Previously, permission from a police inspector would be sought in two boroughs of London under new measures taken after the Child Q scandal to search for a child before undressing.
The case of Child Q, a 15-year-old black schoolgirl who was searched naked by police during her menstrual cycle when she was suspected of carrying cannabis, sparked outrage and put further pressure on those involved. Metro Police.
It’s his family He sued his school in connection with the incidentwhich took place in December 2020.
Now the forces say they are starting a pilot along the Hakney and Tower Hamlets, so that the inspector requires permission to allow the inspector prior to the search.
This will ensure “appropriate oversight of such intrusive intervention,” said Deputy Commissioner Lawrence Taylor.
The pilot will be tested in two north-east London boroughs before forces consider expanding it across London.
What happened to Child Q?
The search of Child Q by female police officers of the metro took place without the presence of another adult.
A review of defense practice concluded that the search for the stripper was unfounded and that racism was “probably a factor.”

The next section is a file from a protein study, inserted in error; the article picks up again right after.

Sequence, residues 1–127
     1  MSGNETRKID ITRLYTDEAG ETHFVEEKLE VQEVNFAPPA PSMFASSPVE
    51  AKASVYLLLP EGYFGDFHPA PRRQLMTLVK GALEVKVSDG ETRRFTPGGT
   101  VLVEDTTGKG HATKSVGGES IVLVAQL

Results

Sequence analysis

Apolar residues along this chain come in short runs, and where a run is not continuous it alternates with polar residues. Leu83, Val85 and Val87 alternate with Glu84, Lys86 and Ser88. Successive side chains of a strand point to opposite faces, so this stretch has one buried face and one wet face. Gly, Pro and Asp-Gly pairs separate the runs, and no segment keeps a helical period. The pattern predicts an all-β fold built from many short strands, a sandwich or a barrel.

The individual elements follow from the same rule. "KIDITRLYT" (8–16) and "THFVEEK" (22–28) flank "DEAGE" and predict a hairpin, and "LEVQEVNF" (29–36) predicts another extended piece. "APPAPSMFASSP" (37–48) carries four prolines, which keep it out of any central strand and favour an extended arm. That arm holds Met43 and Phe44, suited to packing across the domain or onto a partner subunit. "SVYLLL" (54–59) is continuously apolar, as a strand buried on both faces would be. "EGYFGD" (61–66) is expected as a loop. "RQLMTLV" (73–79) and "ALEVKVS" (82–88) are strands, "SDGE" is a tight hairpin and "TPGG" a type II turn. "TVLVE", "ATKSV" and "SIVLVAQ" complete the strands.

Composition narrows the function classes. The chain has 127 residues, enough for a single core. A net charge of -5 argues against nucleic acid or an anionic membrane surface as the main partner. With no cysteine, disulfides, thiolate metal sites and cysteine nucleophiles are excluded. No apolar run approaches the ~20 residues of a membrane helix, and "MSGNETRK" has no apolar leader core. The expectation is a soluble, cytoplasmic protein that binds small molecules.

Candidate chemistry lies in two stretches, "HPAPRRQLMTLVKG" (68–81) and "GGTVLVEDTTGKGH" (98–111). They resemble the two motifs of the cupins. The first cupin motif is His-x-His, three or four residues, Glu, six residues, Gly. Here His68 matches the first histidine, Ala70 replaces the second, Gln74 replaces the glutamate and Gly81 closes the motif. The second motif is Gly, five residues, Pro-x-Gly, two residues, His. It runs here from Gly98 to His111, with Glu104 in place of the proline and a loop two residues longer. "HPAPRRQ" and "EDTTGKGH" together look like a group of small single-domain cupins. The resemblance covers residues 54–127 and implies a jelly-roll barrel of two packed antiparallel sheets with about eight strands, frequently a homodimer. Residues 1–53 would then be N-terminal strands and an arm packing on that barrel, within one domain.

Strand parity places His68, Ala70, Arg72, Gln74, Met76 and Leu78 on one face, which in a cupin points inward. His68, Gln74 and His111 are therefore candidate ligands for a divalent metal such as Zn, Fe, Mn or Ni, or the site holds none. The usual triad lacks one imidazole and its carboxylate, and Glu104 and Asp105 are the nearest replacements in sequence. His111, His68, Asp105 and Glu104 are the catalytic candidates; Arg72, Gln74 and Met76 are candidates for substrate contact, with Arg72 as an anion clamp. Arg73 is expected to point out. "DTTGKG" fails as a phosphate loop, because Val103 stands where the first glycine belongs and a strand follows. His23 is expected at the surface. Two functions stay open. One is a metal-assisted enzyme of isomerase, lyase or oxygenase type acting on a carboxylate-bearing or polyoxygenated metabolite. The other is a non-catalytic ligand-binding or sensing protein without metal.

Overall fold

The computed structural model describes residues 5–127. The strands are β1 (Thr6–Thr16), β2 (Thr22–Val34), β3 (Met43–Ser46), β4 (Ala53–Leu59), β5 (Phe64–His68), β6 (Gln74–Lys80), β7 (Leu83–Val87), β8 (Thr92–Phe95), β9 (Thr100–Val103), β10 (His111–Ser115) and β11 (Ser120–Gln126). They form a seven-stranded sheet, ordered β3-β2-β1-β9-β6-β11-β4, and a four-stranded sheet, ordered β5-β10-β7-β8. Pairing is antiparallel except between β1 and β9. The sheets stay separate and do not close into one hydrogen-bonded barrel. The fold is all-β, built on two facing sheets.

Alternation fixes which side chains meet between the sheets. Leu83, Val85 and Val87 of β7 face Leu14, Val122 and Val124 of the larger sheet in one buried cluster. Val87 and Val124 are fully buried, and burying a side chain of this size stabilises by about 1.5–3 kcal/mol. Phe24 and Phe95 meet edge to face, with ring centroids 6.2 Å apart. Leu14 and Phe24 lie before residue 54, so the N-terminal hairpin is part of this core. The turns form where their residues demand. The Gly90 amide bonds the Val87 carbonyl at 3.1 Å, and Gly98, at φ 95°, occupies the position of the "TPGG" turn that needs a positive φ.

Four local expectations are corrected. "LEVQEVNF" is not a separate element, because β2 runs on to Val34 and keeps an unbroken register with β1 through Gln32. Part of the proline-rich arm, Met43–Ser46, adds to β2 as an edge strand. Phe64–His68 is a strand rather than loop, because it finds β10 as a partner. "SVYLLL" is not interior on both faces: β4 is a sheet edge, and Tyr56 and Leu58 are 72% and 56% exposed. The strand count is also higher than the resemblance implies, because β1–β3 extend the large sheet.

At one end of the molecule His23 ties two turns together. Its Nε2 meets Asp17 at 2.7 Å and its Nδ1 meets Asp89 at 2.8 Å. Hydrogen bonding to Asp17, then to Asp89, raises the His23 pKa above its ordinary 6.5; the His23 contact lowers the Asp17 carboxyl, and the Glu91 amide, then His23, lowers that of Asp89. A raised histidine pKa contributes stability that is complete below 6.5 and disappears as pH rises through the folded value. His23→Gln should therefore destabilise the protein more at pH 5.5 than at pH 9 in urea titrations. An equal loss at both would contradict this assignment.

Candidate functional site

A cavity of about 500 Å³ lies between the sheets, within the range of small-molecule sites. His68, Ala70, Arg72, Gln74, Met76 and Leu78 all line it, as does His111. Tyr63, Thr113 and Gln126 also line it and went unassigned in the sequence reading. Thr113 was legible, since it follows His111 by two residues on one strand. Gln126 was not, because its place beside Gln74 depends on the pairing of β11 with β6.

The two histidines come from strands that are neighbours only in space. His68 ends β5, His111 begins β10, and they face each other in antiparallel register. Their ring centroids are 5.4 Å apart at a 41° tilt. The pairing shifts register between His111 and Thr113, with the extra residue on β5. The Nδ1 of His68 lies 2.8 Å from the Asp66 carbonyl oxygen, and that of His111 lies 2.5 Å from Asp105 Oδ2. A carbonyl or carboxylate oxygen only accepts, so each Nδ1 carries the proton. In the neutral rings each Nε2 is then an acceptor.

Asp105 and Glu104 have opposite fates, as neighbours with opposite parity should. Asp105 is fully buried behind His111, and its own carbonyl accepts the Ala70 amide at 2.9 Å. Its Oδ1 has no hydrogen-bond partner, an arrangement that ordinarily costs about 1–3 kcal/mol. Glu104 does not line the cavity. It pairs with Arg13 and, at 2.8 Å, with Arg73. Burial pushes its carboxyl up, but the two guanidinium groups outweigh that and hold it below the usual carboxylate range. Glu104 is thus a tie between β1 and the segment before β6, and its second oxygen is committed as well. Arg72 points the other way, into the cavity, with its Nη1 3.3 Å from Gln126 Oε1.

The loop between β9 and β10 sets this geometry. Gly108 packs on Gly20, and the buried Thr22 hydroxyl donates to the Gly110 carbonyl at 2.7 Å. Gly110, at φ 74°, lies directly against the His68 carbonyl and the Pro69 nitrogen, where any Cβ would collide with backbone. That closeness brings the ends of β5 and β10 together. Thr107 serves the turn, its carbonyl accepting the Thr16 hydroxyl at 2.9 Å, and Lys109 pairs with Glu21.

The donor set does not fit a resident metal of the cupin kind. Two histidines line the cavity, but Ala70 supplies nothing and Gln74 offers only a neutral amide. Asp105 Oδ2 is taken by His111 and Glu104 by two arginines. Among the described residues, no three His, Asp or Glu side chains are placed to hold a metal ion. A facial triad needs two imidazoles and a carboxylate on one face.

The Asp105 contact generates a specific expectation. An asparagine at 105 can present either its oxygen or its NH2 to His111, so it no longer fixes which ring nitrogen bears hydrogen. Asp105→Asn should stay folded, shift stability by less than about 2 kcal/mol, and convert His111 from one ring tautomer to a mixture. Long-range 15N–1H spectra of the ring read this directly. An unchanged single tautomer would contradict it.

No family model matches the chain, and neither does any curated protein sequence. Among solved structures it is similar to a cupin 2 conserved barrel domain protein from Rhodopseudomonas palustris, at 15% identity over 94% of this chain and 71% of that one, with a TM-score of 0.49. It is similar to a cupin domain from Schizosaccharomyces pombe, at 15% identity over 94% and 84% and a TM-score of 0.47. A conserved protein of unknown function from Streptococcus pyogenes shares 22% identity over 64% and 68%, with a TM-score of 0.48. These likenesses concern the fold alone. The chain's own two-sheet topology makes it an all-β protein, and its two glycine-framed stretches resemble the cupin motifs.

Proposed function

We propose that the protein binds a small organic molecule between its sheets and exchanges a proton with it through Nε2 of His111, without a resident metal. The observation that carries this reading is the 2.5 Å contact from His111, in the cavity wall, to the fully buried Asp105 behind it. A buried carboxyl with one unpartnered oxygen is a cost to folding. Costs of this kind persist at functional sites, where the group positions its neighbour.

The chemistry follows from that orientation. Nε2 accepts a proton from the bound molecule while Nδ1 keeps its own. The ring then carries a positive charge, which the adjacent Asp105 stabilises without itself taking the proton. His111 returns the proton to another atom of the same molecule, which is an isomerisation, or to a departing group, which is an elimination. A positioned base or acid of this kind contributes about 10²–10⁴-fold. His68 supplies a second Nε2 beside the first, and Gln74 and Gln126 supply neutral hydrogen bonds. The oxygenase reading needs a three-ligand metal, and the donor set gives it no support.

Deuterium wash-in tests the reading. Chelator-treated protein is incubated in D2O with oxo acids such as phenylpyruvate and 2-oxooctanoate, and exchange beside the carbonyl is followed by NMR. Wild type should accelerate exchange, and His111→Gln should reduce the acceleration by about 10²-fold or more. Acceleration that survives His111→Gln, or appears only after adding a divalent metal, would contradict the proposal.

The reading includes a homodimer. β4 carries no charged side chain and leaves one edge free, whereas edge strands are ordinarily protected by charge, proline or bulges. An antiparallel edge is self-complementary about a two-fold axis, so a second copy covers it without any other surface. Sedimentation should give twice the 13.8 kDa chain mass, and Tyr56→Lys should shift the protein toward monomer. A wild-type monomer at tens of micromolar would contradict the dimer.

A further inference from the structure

The three police officers were investigated by the Independent Police Behavior Office, which is concluding its report.
Scotland Yard apologized, saying the incident “should never have happened”.
The deputies expressed their anger և demanded immediate action Following the revelation of the naked search, նախարար Police Secretary Keith Malthouse acknowledged that the public had a right to expect higher standards from force.
This aroused strong feelings among politicians, including Labor MP Diane Abbott, who said: “Every parent thinks, ‘This could be my daughter.’
The rules for searching for stripes have changed in two districts of London after the Child Q scandal UK news
Source The rules for searching for stripes have changed in two districts of London after the Child Q scandal UK news